<a href="#">michael scott</a>
      <ul class="tertiary">
        <li><a href="#">bio</a></li>
        <li><a href="#">pictures</a></li>
        <li><a href="#">video</a></li>
        <li><a href="#">contact</a></li>
      </ul>
      <div class="clear"></div>
    </li>

    Add the same positioning to the tertiary list as the secondary list

    ul.tertiary {
      position: absolute;
    }

    Uh...that did not work as well as last time.

    The output of setting position:absolute for the tertiary list

    The problem is that .tertiary is positioned in relation to the same container as .secondary. It does not appear in the exact same position because if you simply assign an element position:absolute, it appears in the normal flow of the page.

    The solution is to set the left position of the tertiary element to 100% which will push it back to the original horizontal position before applying the position:absolute

    ul.tertiary {
      position: absolute;
      left: 100%;
    }
    The output of fixing the absolute issue with left:100%

    Final

    We're nearly there, but the tertiary navigation container is not correctly positioned. We can see this clearly if add some color into our navigation bar.

    li {background-color: yellow; }
    a { background-color: pink; }
    .primary { background-color: green; }
    .secondary { background-color: orange; }
    .tertiary { background-color: blue; }
    The teritary container is mispositioned

    The top section of the tertiary container still appears relative to the original placement in the page (under the a tag) so simply give it a top:0 and it will position at the top.

    ul.tertiary {
      position: absolute;
      left: 100%;
      top: 0;
    }

    which then results in:

    The teritary container is now properly aligned at the top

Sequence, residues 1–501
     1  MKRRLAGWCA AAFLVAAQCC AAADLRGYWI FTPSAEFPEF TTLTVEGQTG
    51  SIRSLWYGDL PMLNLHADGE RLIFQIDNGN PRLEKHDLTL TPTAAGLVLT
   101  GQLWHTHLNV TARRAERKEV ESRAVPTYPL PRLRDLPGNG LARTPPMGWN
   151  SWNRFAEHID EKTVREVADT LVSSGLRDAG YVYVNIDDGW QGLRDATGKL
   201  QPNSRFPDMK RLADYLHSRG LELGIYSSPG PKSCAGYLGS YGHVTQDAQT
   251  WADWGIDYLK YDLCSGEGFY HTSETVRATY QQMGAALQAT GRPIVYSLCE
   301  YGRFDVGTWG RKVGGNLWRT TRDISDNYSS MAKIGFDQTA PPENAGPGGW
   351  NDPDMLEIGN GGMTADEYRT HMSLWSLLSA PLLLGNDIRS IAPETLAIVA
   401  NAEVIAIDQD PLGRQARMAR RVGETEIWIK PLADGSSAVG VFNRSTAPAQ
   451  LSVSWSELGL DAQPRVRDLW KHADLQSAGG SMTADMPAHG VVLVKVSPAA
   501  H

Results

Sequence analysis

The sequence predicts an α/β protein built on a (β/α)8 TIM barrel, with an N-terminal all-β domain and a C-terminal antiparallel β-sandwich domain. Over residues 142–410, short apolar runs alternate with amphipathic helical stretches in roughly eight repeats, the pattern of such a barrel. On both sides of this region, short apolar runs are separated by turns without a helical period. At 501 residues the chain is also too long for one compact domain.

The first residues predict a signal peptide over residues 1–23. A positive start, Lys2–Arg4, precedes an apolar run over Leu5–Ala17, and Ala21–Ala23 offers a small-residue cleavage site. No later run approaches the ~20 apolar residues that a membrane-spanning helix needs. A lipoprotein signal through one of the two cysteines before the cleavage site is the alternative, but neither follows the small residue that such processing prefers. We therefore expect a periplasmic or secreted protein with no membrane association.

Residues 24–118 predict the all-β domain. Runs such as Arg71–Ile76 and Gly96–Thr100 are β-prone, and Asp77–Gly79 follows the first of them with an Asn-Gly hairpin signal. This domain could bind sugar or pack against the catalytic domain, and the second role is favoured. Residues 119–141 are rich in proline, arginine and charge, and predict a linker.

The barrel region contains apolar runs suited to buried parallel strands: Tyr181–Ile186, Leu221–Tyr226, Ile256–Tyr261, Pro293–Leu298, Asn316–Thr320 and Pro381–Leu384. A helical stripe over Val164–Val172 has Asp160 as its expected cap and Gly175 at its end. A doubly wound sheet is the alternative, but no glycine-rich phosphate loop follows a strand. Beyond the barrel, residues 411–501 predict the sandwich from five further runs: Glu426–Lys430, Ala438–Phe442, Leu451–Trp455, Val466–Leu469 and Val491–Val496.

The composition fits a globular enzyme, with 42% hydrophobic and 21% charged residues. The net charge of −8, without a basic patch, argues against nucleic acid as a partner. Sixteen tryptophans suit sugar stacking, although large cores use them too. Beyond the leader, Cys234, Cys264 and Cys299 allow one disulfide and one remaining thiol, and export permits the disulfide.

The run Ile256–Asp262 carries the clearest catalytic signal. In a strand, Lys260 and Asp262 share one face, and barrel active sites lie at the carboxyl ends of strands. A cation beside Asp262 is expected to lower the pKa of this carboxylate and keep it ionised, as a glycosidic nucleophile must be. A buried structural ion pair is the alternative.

The tertiary container is now correctly placed! Let's hook up the CSS hover functionality and add some more content

    ul {
      display: none;
    }
    
    ul.primary,
    ul.primary li:hover ul.secondary,
    ul.secondary li:hover ul.tertiary {
      display: block;
    }

    Everything looks great at first glance, but there are two issues with the tertiary navigation containers...

    Whitespace issue with a tertiary link
    Second tertiary navigation container appears in the same location as the first one

    The first fix involves the white-space CSS property and setting this property to 'nowrap' causes the browser to ignore any space limitations on the parent container and allows its content to flow on a single line. This will fix our issue in modern browsers (IE8+)

    The second fix is a positioning issue because the nearest relative positioned element for the second tertiary container to position itself to is the same as the first tertiary container - we just need to make the lis position:relative. However, this reintroduces the top positioning issue but we can easily fix that by setting the top property equal to the padding of the lis

    Whitespace issue with a tertiary link is now fixed
    Second tertiary navigation container appears in the correct location

    The last remaining issue is a small offset for the top of the secondary navigation containers in relation to the parent lis in the primary navigation. The fix is super simple:

    ul.secondary {
      position: absolute;
      top: 100%;
    }

    All Done

    Whew...finally done! We now have a fluid, CSS-only navigation bar that supports secondary and tertiary levels of navigation!

    Credits

    I'd like to thanks Alexandra Atzl for pointing out a few issues with my original solution

Work

Public repositories listed on GitHub